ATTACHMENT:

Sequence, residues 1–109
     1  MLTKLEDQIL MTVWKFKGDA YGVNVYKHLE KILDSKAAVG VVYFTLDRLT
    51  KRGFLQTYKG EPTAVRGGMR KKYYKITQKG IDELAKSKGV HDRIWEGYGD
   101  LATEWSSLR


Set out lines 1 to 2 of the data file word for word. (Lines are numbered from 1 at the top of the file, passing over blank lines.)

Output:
Sequence, residues 1–109
     1  MLTKLEDQIL MTVWKFKGDA YGVNVYKHLE KILDSKAAVG VVYFTLDRLT